Take the 2-minute tour ×
Stack Overflow is a question and answer site for professional and enthusiast programmers. It's 100% free, no registration required.

I am building a business layer for our large enterprise application, and we're currently sitting at just under 500 unit tests. The scenario is that we have two public methods, public AddT(T) and public UpdateT(T) that both make an internal call to private AddOrUpdateT(T) since a lot of the core logic is the same between both, but not all; they are different.

Because they are separate public API (regardless of private implementation), I wrote unit tests for each API, even though they are the same. This might look like

[TestMethod]
public void AddT_HasBehaviorA() 
{
}

[TestMethod]
public void UpdateT_HasBehaviorA() 
{ 
}

Currently for this particular business object there are around 30 unit tests for adding, and 40 unit tests for updating, where 30 of the update tests are the same as the add tests.

Is this normal, or should I be abstracting the common behavior out into a public helper class that is unit tested in isolation, and the two API's just use that helper class instead of a private method that has the implementation?

What is considered a best practice for these situations?

share|improve this question
    
Another option: you could make it an internal helper class, and use InternalsVisibleTo. –  Blorgbeard Apr 16 at 4:38

3 Answers 3

up vote 3 down vote accepted

First of all, it's important to understand why you want to cover those methods by unit tests, because that's going to influence the answer. Only you and your team knows this, but if we assume that at least part of the motivation for unit testing is to get a trustworthy regression test suite, you should test the observable behaviour of the System Under Test (SUT).

In other words, unit tests should be black box tests. The tests shouldn't know about the implementation details of the SUT. Thus, the naive conclusion you could draw from this is that if you have duplicate behaviour, you should also have duplicate test code.

However, the more complex your system becomes, and the more it relies on common behaviour and strategies, the harder it becomes to implement this testing strategy. This is because you'll have a combinatorial explosion of possible ways through the system. J.B. Rainsberger explains it better than I do.

A better alternative is often to listen to your tests (a concept popularized by GOOS). In this case, it sounds like it would be valuable to extract the common behaviour into a public method. This, however, doesn't itself solve the problem of combinatorial explosion. While you can now test the common behaviour in isolation, you also need to prove that the two original methods (Add and Update) use the new public method (instead of, e.g., some copy-and-pasted code).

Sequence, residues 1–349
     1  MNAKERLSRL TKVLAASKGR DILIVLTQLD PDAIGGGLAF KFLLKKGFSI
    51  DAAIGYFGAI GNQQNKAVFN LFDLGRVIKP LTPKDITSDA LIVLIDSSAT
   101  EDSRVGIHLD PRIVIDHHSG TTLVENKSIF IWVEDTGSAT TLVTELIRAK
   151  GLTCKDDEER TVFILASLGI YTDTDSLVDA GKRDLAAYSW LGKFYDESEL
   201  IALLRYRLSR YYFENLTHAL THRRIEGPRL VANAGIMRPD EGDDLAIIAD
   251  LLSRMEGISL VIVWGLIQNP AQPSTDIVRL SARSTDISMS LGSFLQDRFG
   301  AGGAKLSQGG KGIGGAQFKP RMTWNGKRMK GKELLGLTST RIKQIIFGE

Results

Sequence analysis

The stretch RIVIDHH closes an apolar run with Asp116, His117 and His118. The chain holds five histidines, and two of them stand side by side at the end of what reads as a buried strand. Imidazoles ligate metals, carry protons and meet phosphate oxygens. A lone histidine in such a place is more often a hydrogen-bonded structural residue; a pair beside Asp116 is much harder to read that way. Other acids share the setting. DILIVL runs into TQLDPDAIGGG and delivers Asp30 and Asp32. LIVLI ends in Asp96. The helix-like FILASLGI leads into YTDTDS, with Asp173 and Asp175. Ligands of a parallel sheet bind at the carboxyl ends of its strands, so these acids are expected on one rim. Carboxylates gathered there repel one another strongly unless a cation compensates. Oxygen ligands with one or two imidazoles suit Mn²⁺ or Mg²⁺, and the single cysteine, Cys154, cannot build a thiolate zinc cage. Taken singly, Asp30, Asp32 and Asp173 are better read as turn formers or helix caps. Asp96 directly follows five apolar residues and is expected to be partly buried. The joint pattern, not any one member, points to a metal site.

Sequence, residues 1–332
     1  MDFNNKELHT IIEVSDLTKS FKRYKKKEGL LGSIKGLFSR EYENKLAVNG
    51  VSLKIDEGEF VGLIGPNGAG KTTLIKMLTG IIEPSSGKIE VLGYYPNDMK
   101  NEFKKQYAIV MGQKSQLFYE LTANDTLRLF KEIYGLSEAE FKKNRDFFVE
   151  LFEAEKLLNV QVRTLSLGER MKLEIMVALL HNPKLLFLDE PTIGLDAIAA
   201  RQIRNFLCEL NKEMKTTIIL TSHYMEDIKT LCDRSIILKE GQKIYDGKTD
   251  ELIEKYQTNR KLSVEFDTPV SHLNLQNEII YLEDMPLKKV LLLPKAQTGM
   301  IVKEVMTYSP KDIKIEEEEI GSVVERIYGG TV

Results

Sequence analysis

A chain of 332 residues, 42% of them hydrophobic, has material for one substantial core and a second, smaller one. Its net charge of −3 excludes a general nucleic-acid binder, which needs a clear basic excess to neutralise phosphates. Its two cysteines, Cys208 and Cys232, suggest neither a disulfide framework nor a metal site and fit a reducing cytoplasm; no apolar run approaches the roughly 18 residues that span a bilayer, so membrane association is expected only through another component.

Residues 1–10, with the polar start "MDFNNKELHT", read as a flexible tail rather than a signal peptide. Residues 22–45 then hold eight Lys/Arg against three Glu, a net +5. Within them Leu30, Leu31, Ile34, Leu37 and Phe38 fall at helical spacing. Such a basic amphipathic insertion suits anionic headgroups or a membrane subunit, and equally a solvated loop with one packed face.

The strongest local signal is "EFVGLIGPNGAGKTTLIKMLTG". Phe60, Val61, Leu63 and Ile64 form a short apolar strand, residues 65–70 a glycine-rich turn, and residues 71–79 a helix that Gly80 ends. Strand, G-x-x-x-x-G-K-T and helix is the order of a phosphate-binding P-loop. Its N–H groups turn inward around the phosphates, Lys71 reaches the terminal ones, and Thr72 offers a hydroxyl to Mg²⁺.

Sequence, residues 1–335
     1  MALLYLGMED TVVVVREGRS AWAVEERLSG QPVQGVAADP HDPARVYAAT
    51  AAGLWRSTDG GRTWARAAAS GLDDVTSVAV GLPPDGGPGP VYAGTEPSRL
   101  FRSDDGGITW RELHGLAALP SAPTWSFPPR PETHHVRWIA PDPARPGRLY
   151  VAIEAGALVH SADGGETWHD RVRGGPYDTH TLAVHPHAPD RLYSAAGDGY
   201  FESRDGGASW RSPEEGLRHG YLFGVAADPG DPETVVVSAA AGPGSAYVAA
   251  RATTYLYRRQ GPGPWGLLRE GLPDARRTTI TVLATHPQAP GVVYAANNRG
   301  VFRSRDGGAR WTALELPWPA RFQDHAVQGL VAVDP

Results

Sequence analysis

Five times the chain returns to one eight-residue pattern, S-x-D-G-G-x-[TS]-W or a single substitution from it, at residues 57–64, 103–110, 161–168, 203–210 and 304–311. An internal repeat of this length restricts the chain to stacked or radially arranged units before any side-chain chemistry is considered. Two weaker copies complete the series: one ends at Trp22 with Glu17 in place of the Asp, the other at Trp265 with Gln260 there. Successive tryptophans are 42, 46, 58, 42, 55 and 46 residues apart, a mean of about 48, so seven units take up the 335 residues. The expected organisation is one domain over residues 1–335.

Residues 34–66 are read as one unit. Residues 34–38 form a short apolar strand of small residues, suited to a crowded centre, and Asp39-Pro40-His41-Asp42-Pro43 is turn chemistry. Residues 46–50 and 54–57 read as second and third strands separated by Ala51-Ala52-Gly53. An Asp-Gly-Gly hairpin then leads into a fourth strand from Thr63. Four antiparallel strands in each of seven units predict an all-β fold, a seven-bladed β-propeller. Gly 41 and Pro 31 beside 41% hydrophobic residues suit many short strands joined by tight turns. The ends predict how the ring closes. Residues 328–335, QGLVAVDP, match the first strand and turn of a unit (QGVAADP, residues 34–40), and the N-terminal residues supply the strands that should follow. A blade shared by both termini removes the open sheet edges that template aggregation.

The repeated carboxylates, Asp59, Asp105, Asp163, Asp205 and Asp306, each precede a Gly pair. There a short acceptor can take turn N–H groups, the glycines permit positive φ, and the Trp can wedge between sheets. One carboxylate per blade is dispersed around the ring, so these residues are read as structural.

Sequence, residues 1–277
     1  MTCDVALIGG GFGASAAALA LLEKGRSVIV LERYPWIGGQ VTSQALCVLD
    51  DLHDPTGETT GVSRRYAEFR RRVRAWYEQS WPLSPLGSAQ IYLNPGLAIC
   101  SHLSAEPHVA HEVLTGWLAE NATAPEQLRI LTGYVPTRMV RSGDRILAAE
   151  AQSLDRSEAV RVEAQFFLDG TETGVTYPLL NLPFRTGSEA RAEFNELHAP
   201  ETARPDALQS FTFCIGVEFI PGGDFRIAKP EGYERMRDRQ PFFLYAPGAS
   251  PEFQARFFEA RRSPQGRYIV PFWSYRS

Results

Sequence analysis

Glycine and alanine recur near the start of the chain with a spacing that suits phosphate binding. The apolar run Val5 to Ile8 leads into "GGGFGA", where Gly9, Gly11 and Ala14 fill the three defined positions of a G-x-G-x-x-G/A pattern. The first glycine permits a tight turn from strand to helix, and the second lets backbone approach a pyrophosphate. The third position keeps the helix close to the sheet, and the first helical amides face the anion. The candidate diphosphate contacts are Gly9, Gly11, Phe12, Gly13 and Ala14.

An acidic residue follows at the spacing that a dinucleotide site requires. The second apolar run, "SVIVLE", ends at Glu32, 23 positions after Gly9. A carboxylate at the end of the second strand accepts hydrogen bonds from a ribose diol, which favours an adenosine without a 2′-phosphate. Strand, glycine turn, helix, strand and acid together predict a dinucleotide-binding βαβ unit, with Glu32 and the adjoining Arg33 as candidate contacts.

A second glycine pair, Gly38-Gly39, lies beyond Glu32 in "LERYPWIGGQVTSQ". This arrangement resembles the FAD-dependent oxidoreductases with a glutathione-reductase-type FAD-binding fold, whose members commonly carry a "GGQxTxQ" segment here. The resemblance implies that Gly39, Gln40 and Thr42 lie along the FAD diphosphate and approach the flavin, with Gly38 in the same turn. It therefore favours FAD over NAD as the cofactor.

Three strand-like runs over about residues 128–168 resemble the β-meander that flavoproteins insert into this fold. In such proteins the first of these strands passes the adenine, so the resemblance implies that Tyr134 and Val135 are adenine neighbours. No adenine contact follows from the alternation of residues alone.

The best way to do that is to compose the methods with the new Strategy:

public class Host<T>
{
    private readonly IHelper<T> helper;

    public Host(IHelper<T> helper)
    {
        this.helper = helper;
    }

    public void Add(T item)
    {
        // Do something
        this.helper.AddOrUpdate(item);
        // Do something else
    }

    public void Update(T item)
    {
        // Do something
        this.helper.AddOrUpdate(item);
        // Do something else
    }
}

(Obviously, you'll need to give the types and methods better names.)

This enables you to use Behaviour Verification to prove that the Add and Update methods correctly use the AddOrUpdate method:

[TestMethod]
public void AddT_HasBehaviorA() 
{
    var mock = new Mock<IHelper<object>>();
    var sut = new Host<object>(mock.Object);
    var item = new object();

    sut.Add(item);

    mock.Verify(h => h.AddOrUpdate(item));
}

[TestMethod]
public void UpdateT_HasBehaviorA() 
{ 
    var mock = new Mock<IHelper<object>>();
    var sut = new Host<object>(mock.Object);
    var item = new object();

    sut.Update(item);

    mock.Verify(h => h.AddOrUpdate(item));
}
share|improve this answer

It is a good practice to avoid duplication as much as possible. This aids code readability and maintainability (and probably other *ablilities ;-)). It also makes testing easier as you can start to test the common functionality in one place and not have to have so many duplicate tests. Also, duplication in tests is bad as well.

Another best practice is to only write unit tests for functionality that has unique logic. If in your Add and Update methods, you are only calling another method, there is no need to write unit tests at that level, you should be focusing on the called method.

Which brings up back to the initial point of not duplicating code and if you have private methods that share duplicate code, it may be a good idea to break it out into something else that you can run tests against.

share|improve this answer

"Since a lot of the core logic is the same between both, but not all; they are different."

I think you should have separate unit tests for these, because as you say they are not exactly the same. Also, what if you later change the implementation to call two different methods? Then your unit tests will only be testing one of them because they are coupled to the implementation detail of the two methods. The tests will pass, but you may have introduced a bug.

I think a better approach is to test both methods but add helper methods/classes to do the common work.

share|improve this answer

Your Answer

 
discard

By posting your answer, you agree to the privacy policy and terms of service.

Not the answer you're looking for? Browse other questions tagged or ask your own question.